This 21st century marketplace is bustling with prints, dresses, sandals and even furniture, all with a unique take on contemporary style. It’s a marketplace not unlike any found in almost any major African city, except that it’s accessible to the whole word, 24/7 and shoppers only need their thumbs to navigate it.
In recent years, social media platforms have created a new marketplace for African entrepreneurs, who are now able to access a consumer base far beyond their own locale. And thanks to Instagram and the move to more visual interaction on other platforms, Africa’s fashionistas are cashing in.
Instagram alone provides a potential customer base of 1 billion, with 500 million daily users. The scrolling thumbs may not be as intentional as foot traffic to a physical store, but it has brought a global reach to African fashion retailers that was unimaginable just a few years ago. Instagram, in particular, has proven to bring higher engagement than Facebook and Twitter.
WhatsApp is the most popular messaging platform in Africa, and is a gateway to the online world for many. Despite the lack of a formal transactional platform, WhatsApp has cultivated trust among its millions of African users, making it easier for African consumers to trust and access than actual e-commerce platforms. The informal use use of WhatsApp by business users has been significant enough the company is now building a transactional platform.
The combination of Instagram and WhatsApp, and to a lesser extent Facebook (it’s worth remembering that both WhatsApp and Instagram are owned by Facebook), have been a boon for small retailers, who are now able to market their goods, set up de facto e-commerce platforms and manage customer engagement at a fraction of the price.
The small town of Butterworth in the Eastern Cape is certainly no fashion capital, and yet Akhona Shumane-Cakata has created a successful vintage fashion boutique from there. Despite its small-town origins Acorn’s Quaint Attic is very much national and international, thanks largely to Instagram.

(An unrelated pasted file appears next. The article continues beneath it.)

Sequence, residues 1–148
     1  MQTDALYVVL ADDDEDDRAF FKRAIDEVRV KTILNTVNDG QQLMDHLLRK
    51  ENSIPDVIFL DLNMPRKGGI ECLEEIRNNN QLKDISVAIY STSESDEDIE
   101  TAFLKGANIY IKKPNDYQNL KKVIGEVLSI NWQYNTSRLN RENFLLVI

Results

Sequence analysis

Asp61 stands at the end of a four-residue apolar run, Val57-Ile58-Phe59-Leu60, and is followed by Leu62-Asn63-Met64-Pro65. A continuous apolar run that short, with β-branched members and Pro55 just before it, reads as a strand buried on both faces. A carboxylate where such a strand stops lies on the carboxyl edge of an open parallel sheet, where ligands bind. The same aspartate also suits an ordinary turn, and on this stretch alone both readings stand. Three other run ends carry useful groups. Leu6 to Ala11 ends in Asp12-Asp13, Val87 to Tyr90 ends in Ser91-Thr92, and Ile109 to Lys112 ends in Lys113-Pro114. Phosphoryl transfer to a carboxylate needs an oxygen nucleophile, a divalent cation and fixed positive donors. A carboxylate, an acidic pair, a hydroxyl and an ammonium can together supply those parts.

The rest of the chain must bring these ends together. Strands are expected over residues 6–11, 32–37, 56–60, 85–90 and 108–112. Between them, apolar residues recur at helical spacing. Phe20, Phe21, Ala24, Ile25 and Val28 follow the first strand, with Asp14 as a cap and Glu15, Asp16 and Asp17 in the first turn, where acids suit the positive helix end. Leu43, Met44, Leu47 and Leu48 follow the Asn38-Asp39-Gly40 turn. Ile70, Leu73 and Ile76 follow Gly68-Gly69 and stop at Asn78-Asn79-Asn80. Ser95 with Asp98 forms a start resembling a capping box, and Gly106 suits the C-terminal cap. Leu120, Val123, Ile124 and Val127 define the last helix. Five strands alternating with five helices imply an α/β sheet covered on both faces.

She began selling clothes after friends commented on her personal style. At first she advertised on her personal Facebook page, but as the business grew, she began using Instagram as a broader platform, branded to the boutique. She began with a few simple hashtags to grow her presence and today her main customer base is in South Africa’s main cities. She’s incorporated WhatsApp, simply by adding her number to the account’s bio, to facilitate sizes or field enquiries about size in something of a virtual fitting, and facilitate the transfer of payment.
To transition from her own closet to a commercial business, Shumane-Cakate found her products online, finding the best quality goods in Asia.
“It was a risk, I searched and searched,” she told Quartz. Last year, she travelled outside of South Africa for the first time to meet her suppliers in person in Thailand.
Instagram has allowed Davina Ebikeme’s store to attract customers long before and after her seasonal pop-up. Launched this year, her boutique Ebi’s is only open each Saturday in July in London’s Shoreditch neighborhood, yet interested customers can peruse the looks at any time on Instagram.